There are no two ways about it. What Speaker Nancy Pelosi’s doing in the House of Representatives is a big play, and very, very bold–indicative of her confidence in both the wisdom of the public option as a political and policy tool, and
in her ability to get results out of her 256 member caucus, despite the wide ideological chasm between its most liberal and most conservative members.
Pelosi’s pulling out all the stops to pass a health care reform bill with a public option that pays providers at rates slightly higher than Medicare–even if it means she has to squeak a bill out of the House with the barest majority. Since the beginning of the push to pass reform, the public option has been at the center of the fight, pitting Republicans, moderates, and major industry stakeholders against an extremely determined majority of Democrats, progressive interest groups, and the public at large. It has been an epic tug of war, and at times, the pro-public option side seemed on the verge of being yanked into the mud.
But in recent weeks, as the health insurance industry further disgraced itself by rolling out the big anti-reform guns, and liberal leaders in both the House and Senate made it clear that they view the public option as an essential component of reform–one that serves voters’ interests, and saves money–even if the White House isn’t willing to put its full weight behind the measure.
It’s in that context that Pelosi is running thiis public option endgame.At last count, she’s still eight votes shy of the crucial 218 she needs to pass a robust public option plan, though key players seem to think she has momentum on her side. If she can’t whip up those last eight votes she’ll likely have to revert and move ahead with a more modest public option–one that negotiates rather than dictates reimbursement rates. That would disappoint reformers and progressives in her caucus. But she (and they) will be able to say she pulled out all the stops.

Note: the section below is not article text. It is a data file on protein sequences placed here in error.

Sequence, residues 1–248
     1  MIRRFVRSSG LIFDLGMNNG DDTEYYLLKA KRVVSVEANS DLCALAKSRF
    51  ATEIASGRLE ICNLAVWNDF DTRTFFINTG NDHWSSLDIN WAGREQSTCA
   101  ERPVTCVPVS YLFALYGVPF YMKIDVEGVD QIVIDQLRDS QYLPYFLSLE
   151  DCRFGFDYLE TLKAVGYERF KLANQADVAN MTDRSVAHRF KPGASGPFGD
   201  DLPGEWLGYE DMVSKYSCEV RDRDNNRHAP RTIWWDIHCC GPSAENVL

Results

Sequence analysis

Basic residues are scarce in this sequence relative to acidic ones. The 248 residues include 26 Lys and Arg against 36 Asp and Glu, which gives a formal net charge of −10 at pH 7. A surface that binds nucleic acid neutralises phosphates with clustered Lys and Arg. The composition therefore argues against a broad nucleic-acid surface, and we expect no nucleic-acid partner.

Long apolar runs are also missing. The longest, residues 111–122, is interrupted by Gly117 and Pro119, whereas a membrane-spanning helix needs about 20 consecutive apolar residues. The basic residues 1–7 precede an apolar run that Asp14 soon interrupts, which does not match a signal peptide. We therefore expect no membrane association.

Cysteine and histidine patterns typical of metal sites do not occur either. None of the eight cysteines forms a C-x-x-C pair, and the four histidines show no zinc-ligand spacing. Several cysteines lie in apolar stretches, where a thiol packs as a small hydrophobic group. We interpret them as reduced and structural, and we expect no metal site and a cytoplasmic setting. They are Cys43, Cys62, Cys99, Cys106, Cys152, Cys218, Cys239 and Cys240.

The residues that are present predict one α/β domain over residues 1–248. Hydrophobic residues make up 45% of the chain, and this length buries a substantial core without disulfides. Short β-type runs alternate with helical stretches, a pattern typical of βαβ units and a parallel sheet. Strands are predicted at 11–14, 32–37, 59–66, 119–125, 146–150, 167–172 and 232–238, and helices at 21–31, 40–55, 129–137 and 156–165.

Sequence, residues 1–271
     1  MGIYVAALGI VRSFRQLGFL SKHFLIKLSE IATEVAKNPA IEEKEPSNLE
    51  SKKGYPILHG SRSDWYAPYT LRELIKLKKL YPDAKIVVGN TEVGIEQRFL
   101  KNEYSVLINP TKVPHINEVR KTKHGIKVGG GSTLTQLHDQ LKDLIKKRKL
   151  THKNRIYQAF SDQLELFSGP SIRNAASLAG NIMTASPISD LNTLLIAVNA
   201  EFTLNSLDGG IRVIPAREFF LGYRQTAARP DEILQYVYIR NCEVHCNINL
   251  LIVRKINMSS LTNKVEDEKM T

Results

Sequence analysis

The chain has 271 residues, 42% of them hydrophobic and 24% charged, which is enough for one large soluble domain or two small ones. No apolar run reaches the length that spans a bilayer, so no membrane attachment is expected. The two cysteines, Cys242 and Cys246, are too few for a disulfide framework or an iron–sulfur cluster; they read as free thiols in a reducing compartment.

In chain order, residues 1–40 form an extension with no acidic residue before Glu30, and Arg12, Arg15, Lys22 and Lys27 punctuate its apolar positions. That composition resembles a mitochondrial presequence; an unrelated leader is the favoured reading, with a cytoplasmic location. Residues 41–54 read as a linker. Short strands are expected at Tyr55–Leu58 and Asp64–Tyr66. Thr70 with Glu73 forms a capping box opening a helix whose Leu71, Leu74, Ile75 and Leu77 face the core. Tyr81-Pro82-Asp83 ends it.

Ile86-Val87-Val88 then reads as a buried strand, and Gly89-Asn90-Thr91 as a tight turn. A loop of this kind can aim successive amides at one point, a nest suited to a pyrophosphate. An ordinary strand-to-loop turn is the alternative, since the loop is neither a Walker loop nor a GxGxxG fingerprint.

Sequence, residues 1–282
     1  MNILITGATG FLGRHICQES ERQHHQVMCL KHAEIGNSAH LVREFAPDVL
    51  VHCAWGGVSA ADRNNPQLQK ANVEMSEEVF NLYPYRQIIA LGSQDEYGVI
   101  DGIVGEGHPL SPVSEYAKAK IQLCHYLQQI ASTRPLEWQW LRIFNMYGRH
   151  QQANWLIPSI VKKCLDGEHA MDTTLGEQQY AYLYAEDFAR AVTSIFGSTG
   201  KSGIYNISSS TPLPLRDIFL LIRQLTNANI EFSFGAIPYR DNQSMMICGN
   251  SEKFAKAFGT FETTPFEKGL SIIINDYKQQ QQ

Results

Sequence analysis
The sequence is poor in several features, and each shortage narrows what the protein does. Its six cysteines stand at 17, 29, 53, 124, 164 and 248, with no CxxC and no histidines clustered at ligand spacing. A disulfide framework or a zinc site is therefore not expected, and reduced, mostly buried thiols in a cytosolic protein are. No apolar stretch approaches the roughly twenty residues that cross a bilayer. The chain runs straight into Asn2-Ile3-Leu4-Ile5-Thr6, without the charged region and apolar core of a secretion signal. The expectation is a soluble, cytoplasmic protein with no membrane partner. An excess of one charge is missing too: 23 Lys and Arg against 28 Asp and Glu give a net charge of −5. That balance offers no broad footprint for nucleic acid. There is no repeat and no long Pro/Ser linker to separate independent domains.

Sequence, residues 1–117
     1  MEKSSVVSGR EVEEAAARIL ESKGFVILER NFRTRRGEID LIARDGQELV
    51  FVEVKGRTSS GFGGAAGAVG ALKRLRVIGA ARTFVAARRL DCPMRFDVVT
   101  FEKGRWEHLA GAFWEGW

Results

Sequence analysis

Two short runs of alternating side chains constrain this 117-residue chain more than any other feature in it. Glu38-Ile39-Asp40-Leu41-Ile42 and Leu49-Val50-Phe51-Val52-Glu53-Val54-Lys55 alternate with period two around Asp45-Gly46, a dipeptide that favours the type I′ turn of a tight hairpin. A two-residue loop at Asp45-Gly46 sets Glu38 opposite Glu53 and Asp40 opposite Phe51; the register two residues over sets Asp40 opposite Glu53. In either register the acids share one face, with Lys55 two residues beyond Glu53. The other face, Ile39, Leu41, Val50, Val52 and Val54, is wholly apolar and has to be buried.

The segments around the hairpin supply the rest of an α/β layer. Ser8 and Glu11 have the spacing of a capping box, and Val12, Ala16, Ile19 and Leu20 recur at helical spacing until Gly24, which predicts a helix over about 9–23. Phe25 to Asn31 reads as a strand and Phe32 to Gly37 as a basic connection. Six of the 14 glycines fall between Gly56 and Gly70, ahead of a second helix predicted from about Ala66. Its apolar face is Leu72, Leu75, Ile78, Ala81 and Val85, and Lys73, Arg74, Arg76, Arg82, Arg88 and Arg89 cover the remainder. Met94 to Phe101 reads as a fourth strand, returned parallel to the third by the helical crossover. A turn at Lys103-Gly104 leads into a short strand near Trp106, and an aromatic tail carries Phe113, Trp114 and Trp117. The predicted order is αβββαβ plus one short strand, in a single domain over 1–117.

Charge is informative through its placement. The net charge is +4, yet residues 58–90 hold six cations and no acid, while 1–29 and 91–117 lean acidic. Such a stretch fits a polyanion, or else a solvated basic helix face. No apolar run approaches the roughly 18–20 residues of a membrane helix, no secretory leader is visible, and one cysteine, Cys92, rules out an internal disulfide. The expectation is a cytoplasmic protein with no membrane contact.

All of this is at the heart of what she’s trying to accomplish more broadly. She’s staking out the boldest, most progressive ground she can to give key provisions, like the public option, strong odds when it comes time to negotiate away the differences between the House bill and what will almost surely be a weaker Senate version.
And she’s laying down a mark she hopes the Senate will follow, saying implicitly that the chamber that represents all voters equally supports a bold public option, and daring skeptics to do the bidding of the unpopular minority. That could put public option skeptics on the Democratic side of the Senate in an awkward position. (Just yesterday, one of the Senate’s most conservative Democrats seemed to indicate that a public option might not be so bad, so long as states have the option of pulling out of the plan if they so choose.)
All of this comes with some risk, however small, that the strategy blows up in her face–either that she can’t scrape together the minimum votes needed to pass a robust public option now, or that she can, but in a way that unites skeptics, who may feel strong-armed and refuse to play nice in negotiations. By and large, it seems she’ll have the vast majority of the Democratic base, including its well armed pressure groups, on her side. And she, more than perhaps anybody in Washington, knows how to pass the bills she wants passed. Stay tuned.